Britain (in the referendum on 23 June to decide European Union membership) has spoken its mind. The value proposition of Brexit was for a better future for Britain. But how does Brexit impact the UK’s energy future, and do the opportunities outweigh the risks? By Jeremy Wilcox


In truth no one knows how Brexit will impact until the terms of divorce from the EU are agreed, which could take up to two years. But we can construct different scenarios based on being inside or outside the Internal Energy Market (IEM).

Broadly speaking there are three non- mutually exclusive objectives that need to be considered; affordability, supply security and sustainability. Currently, all three are heavily influenced by the IEM but are not inextricable.

Ultimately affordability is the most critical energy objective. Higher energy prices would undermine industry competitiveness and act as a drag on economic growth, while also potentially leading to fuel poverty and increasing socio-economic risks.

We can address affordability by looking at the cost of infrastructure investment, fuel prices and the impact of electricity trading. Infrastructure investment is central to Britain’s future supply security with aged fossil fuel plant being progressively phased out, and a weaker pound would clearly increase investment costs as much of the required infrastructure is imported. Similarly a weaker pound would increase petrol (gasoline) prices (as oil is dollar-denominated) although this could be partly offset by a prolonged Brexit-induced EU economic contraction that reduces energy demand and pushes prices lower. Just look at Brent, which settled down 7.4% the day following the referendum.

While infrastructure investment presents with a medium to longer-term risk scenario, trading is very much a shorter-term risk consideration. By being part of the IEM the UK can gain from trading electricity across EU borders as part of the interconnected market, with increased trading providing more competitive prices. The risk potential presented from Britain being outside the IEM would be increased electricity price risks as it could impact both balancing and capacity markets that could also undermine supply security.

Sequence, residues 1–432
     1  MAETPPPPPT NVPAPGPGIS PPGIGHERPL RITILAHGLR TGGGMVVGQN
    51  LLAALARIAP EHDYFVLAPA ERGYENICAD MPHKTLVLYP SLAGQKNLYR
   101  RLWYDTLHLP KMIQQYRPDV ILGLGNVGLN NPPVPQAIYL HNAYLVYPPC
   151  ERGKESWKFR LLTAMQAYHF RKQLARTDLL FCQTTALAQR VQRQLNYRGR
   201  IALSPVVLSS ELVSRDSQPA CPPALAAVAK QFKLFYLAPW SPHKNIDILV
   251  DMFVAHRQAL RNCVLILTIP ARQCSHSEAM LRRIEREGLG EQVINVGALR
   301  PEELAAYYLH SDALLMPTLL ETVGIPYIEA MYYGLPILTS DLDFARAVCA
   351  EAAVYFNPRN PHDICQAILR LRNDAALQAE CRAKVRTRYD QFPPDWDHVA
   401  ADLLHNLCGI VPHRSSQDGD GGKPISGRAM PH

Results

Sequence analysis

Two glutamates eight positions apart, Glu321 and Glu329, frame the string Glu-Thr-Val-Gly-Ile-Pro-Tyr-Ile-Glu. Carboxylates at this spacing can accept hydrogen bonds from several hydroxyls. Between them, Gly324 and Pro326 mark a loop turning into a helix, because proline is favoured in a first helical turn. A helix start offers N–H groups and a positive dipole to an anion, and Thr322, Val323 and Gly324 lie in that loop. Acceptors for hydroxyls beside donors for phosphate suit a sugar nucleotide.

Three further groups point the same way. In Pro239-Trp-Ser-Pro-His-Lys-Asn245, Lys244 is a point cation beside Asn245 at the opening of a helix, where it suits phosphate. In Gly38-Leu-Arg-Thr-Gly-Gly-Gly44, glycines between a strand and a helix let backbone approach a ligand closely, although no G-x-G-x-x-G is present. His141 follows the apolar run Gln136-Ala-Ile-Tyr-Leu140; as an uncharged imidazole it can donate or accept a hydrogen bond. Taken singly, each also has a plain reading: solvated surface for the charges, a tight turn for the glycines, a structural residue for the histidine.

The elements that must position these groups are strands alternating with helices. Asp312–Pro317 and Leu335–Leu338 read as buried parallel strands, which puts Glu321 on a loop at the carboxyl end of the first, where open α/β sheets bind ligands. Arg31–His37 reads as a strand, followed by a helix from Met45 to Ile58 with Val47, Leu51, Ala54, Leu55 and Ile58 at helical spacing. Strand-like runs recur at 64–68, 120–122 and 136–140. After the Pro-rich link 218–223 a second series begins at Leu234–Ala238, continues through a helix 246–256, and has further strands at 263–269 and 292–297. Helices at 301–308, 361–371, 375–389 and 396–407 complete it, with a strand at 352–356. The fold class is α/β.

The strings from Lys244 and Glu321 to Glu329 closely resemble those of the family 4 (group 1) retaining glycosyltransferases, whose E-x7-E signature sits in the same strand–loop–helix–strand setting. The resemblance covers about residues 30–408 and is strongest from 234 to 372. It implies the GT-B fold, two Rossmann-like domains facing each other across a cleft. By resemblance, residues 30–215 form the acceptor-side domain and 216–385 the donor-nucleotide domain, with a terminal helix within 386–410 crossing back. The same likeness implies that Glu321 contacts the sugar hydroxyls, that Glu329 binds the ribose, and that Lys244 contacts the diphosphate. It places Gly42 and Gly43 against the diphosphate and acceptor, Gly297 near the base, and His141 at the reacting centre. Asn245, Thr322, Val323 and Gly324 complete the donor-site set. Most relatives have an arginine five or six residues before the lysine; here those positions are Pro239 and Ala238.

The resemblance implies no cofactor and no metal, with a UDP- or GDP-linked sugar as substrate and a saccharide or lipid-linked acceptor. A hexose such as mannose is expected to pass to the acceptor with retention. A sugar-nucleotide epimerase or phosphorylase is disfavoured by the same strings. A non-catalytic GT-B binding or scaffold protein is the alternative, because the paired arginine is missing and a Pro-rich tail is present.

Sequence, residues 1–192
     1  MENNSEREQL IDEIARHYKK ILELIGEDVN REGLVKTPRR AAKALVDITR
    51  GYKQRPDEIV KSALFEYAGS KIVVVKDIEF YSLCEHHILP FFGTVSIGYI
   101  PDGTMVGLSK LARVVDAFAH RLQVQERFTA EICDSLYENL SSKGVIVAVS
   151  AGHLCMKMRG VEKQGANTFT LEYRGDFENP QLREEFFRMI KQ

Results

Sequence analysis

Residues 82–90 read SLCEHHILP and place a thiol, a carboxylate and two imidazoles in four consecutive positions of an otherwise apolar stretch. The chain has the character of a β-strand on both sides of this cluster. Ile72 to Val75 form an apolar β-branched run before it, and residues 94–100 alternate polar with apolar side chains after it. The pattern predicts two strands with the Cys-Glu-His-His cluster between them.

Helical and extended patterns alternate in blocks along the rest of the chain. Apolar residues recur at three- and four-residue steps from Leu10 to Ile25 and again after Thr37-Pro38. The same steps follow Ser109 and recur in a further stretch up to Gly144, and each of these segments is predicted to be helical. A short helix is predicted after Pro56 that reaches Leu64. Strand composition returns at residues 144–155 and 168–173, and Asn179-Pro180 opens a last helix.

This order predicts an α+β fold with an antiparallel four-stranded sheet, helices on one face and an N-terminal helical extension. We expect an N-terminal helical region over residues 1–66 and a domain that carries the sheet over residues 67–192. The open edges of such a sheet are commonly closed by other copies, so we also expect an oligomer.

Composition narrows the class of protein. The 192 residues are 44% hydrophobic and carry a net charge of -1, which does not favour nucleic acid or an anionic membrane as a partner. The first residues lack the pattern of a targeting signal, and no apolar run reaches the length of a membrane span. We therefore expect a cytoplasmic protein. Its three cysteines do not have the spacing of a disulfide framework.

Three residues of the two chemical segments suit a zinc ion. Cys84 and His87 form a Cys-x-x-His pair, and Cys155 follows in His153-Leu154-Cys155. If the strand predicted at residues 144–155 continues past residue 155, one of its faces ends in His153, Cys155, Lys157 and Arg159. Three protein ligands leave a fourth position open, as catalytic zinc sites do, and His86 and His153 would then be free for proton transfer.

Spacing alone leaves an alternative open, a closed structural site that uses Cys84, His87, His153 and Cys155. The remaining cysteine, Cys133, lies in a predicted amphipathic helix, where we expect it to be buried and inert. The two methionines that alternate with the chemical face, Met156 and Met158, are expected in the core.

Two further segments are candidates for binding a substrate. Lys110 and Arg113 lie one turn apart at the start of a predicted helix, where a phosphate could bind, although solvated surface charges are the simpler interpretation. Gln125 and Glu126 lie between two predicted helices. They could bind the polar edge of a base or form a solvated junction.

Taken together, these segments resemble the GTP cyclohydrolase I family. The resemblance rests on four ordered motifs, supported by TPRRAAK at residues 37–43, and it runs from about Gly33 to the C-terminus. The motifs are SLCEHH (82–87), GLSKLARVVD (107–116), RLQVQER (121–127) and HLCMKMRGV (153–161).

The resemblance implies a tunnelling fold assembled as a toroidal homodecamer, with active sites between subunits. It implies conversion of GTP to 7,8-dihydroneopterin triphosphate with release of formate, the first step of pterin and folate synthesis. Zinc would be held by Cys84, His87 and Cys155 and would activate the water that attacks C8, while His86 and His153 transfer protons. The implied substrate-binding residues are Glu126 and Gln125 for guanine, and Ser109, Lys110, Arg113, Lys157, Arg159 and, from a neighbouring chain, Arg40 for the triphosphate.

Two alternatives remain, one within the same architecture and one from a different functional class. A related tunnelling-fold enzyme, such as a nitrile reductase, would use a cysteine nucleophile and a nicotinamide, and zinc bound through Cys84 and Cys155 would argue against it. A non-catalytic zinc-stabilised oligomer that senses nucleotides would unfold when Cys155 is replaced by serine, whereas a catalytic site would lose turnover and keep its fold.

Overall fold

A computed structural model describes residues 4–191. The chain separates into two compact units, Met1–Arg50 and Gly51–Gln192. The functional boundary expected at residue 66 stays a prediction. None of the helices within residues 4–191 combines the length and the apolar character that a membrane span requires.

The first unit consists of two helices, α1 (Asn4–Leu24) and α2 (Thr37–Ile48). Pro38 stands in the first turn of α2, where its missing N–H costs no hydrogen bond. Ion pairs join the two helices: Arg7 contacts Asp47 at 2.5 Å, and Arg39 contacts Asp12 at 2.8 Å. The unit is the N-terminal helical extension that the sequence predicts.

But an exit from the IEM would not just disadvantage Britain; other member states would suffer from the UK’s non-participation. A number of EU member states have challenging economic conditions that could escalate with increased electricity price risks. Would these member states be prepared to accept potentially increased risks by restricting IEM access just to spite the UK?

It should be remembered that Britain has led the EU on competitive markets for the past two decades and still remains frustrated by Brussels’ lethargy in developing a truly competitive single energy market. While British utilities were privatised and unbundled much of the EU utility market remains subject to state meddling and vertical integration.

The worthy concept of market reciprocity in the First Energy Package (1998) was warmly embraced by Britain but largely eschewed elsewhere in the EU. Indeed it took a further decade and another two energy packages to advance unbundling, yet this still involved a fudged compromise to appease some of the EU’s protectionist governments.

Consider France. The government majority owns EDF, which is the country’s largest generator (among just three major generating companies) and supplies over 80% of electricity customers. Hardly a competitive market by any definition, yet Brussels considers otherwise, with EDF also having around 12% share of UK electricity supply and ownership of the country’s nuclear portfolio. And the UK’s reciprocal interest in France is zero.